Passive Visible Light Positioning Systems: An Overview
Localization is one of the key applications of visible light communication (VLC) using which sub-centimeter level positioning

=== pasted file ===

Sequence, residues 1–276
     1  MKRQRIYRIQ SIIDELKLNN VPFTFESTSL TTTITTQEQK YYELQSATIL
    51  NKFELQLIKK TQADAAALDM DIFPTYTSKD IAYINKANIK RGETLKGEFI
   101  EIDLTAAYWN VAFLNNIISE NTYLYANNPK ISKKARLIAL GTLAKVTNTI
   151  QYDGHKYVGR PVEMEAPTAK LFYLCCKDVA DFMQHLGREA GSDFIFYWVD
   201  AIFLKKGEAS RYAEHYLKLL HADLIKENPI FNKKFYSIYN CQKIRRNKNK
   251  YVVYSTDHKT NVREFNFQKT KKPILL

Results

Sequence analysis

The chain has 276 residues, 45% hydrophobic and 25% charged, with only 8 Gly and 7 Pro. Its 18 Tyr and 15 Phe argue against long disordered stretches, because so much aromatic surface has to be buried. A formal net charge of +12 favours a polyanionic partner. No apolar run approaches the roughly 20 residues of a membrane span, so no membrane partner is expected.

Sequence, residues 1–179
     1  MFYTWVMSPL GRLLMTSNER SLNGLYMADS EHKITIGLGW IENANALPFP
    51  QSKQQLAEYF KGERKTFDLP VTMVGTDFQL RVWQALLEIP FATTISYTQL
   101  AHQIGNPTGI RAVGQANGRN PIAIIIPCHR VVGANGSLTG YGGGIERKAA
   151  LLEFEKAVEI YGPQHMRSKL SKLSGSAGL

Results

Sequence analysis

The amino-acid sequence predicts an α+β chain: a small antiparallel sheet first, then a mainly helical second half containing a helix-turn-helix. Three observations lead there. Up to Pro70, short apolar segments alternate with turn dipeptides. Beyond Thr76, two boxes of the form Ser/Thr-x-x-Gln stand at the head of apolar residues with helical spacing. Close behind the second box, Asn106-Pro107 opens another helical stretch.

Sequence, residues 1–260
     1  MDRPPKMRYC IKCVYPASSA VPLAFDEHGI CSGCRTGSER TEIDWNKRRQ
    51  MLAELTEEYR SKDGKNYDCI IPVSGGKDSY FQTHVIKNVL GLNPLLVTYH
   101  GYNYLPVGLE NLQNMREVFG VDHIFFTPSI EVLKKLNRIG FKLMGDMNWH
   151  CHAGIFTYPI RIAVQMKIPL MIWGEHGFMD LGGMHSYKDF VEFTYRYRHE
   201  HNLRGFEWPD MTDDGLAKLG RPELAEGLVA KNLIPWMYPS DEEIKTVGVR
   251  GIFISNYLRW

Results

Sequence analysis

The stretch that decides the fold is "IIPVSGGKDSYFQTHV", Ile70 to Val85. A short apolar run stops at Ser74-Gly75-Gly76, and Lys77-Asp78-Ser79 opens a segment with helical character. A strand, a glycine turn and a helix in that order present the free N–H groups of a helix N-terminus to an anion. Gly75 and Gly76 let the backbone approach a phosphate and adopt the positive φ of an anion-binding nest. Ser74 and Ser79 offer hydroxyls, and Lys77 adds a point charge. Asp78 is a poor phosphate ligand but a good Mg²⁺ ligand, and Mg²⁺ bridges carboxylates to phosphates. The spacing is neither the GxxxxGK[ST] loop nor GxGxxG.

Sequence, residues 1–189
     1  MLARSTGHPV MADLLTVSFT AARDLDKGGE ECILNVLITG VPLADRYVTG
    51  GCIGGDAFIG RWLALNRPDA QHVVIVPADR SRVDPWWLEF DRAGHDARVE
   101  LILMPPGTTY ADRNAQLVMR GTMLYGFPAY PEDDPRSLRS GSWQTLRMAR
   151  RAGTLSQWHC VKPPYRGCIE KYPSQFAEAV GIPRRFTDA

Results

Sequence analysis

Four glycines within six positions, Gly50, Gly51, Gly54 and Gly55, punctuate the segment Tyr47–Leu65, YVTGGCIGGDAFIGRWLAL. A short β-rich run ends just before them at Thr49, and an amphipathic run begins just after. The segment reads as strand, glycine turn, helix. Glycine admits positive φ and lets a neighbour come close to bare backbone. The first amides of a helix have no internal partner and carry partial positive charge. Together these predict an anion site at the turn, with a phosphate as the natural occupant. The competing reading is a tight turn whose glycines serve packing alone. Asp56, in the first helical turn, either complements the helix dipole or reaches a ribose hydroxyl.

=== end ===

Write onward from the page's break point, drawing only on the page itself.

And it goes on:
accuracy is possible. Many visible light-based positioning (VLP) systems have been designed by industry and the research community. Their commercial viability is hampered by the requirement of significantch anges in the deployed lighting infrastructure, resulting in a prohibitive increase in the cost and overhead of deployment. In this paper, we review passive VLP systems an emerging paradigm that offers hope to overcome this challenge and thus can catalyze commercial adoption of a new wave of VLP systems. Unlike active systems, passive ones provide unprecedented flexibility and can enable new potential applications and scenarios such as ability to track users not carrying photosensors. Both natural light sources e.g., sunlight and artificial man-made sources can be used to transmit location information. This paper provides a taxonomy of recently proposed passive VLP systems which is supported by several examples from the recent research literature. A comparative performance of these systems based on factors like accuracy and infrastructure changes is provided along with their limitations.